Speaking of server processors... A startup called Nuvia came out of stealth in November with $53m in funding and a bunch of people with experience designing chips for Apple, Arm, Google, AMD, and others. Their plan is to "deliver industry-leading performance and energy efficiency for the data center" with, presumably, Arm-compatible, server CPUs.

Other stories you might like

  • Despite global uncertainty, $500m hit doesn't rattle Nvidia execs
    CEO acknowledges impact of war, pandemic but says fundamentals ‘are really good’

    Nvidia is expecting a $500 million hit to its global datacenter and consumer business in the second quarter due to COVID lockdowns in China and Russia's invasion of Ukraine. Despite those and other macroeconomic concerns, executives are still optimistic about future prospects.

    "The full impact and duration of the war in Ukraine and COVID lockdowns in China is difficult to predict. However, the impact of our technology and our market opportunities remain unchanged," said Jensen Huang, Nvidia's CEO and co-founder, during the company's first-quarter earnings call.

    Those two statements might sound a little contradictory, including to some investors, particularly following the stock selloff yesterday after concerns over Russia and China prompted Nvidia to issue lower-than-expected guidance for second-quarter revenue.

    Continue reading
  • Another AI supercomputer from HPE: Champollion lands in France
    That's the second in a week following similar system in Munich also aimed at researchers

    HPE is lifting the lid on a new AI supercomputer – the second this week – aimed at building and training larger machine learning models to underpin research.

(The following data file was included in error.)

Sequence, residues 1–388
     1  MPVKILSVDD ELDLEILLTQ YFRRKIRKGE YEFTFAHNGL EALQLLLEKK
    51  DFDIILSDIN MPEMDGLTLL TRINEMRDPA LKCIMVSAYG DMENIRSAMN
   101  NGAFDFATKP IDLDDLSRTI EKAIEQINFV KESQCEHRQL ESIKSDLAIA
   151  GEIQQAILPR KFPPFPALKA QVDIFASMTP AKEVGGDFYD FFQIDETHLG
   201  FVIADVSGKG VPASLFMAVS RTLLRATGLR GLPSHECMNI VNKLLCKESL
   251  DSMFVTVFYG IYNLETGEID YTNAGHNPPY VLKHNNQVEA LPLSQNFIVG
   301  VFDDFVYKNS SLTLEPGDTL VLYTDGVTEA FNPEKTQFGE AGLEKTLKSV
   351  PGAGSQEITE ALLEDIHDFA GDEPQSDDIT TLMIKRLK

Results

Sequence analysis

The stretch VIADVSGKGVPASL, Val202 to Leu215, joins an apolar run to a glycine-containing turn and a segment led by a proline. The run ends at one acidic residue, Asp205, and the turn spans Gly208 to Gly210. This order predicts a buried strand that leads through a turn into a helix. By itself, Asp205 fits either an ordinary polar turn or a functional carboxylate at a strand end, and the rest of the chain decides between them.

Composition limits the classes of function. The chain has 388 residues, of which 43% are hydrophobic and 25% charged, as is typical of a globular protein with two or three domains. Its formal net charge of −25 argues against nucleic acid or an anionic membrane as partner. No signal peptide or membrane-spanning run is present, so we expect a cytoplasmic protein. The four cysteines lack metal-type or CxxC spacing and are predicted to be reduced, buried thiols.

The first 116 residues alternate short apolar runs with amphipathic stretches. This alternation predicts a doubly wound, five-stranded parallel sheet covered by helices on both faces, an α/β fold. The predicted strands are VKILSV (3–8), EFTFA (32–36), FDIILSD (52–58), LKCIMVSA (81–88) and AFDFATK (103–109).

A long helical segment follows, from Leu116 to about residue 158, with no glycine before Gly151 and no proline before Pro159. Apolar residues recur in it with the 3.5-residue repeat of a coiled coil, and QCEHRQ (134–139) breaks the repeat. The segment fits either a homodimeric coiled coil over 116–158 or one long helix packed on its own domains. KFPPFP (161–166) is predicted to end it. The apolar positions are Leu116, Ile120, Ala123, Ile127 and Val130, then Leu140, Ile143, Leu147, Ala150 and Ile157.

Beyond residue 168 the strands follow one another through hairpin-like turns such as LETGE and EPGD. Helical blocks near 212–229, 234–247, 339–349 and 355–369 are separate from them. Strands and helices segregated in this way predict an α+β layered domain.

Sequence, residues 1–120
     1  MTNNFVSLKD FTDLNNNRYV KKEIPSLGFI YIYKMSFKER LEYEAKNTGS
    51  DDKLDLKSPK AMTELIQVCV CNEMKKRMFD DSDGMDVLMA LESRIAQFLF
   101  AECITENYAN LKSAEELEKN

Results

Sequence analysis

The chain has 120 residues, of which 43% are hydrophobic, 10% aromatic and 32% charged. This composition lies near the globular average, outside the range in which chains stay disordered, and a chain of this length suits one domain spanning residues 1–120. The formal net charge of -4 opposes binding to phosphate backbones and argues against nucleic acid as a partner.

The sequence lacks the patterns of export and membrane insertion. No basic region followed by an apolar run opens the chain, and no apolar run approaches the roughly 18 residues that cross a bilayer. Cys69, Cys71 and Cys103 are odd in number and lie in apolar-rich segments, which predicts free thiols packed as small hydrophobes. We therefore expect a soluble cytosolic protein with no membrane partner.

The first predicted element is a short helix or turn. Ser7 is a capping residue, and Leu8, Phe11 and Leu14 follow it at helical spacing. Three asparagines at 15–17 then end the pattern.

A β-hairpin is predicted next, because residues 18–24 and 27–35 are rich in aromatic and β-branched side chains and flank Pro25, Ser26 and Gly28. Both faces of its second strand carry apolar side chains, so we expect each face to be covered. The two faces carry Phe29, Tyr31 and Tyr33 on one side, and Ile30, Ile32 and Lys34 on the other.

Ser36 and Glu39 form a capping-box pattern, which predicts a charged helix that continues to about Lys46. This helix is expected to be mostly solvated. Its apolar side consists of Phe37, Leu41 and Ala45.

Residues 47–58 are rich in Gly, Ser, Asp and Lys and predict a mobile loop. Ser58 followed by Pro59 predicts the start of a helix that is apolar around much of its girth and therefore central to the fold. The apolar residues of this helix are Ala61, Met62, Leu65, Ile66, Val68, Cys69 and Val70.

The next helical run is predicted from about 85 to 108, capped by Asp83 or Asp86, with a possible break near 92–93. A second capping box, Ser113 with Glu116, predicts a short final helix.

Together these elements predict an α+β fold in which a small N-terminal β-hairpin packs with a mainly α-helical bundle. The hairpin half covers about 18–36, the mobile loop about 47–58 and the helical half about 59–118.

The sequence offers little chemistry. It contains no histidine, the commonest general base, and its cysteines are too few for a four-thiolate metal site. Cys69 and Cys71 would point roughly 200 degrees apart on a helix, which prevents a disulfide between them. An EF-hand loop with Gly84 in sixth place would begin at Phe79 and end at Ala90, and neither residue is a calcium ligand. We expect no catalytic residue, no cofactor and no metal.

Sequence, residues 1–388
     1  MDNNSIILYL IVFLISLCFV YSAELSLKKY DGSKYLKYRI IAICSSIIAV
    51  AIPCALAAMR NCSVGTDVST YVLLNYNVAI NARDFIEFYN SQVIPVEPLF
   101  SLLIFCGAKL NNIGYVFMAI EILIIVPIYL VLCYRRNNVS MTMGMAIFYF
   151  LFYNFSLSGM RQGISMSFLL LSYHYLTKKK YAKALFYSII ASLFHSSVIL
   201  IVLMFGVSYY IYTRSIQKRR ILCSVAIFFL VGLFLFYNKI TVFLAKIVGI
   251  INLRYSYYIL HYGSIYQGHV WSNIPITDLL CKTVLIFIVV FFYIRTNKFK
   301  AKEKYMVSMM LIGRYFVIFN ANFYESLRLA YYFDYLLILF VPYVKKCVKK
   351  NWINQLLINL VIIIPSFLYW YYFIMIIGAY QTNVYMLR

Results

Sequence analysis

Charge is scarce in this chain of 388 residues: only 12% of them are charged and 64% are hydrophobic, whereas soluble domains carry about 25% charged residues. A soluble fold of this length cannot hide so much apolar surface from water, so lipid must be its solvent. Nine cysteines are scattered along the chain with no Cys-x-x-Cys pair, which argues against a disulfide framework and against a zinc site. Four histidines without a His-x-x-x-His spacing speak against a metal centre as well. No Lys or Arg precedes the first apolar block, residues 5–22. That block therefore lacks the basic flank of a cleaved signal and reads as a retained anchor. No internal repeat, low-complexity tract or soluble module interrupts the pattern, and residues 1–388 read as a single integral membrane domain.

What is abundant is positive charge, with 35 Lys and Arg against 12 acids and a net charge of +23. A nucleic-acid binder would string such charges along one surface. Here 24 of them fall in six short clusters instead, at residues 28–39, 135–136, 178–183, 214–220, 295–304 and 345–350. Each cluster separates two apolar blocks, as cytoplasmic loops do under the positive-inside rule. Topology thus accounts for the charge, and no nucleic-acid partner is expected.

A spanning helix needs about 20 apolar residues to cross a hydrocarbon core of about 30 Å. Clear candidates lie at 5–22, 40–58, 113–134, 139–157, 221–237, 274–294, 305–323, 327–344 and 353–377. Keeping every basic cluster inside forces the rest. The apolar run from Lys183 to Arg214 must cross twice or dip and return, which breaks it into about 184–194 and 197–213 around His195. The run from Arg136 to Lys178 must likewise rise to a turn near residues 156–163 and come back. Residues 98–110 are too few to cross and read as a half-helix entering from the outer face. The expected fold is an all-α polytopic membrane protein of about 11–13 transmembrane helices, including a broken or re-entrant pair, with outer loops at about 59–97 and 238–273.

Based at HPE's Center of Excellence in Grenoble, France, the new supercomputer is to be named Champollion after the French scholar who made advances in deciphering Egyptian hieroglyphs in the 19th century. It was built in partnership with Nvidia using AMD-based Apollo computer nodes fitted with Nvidia's A100 GPUs.

    Champollion brings together HPC and purpose-built AI technologies to train machine learning models at scale and unlock results faster, HPE said. HPE already provides HPC and AI resources from its Grenoble facilities for customers, and the broader research community to access, and said it plans to provide access to Champollion for scientists and engineers globally to accelerate testing of their AI models and research.

    Continue reading
  • Workday nearly doubles losses as waves of deals pushed back
    Figures disappoint analysts as SaaSy HR and finance application vendor navigates economic uncertainty

    HR and finance application vendor Workday's CEO, Aneel Bhusri, confirmed deal wins expected for the three-month period ending April 30 were being pushed back until later in 2022.

    The SaaS company boss was speaking as Workday recorded an operating loss of $72.8 million in its first quarter [PDF] of fiscal '23, nearly double the $38.3 million loss recorded for the same period a year earlier. Workday also saw revenue increase to $1.43 billion in the period, up 22 percent year-on-year.

    However, the company increased its revenue guidance for the full financial year. It said revenues would be between $5.537 billion and $5.557 billion, an increase of 22 percent on earlier estimates.

    Continue reading

Biting the hand that feeds IT © 1998–2022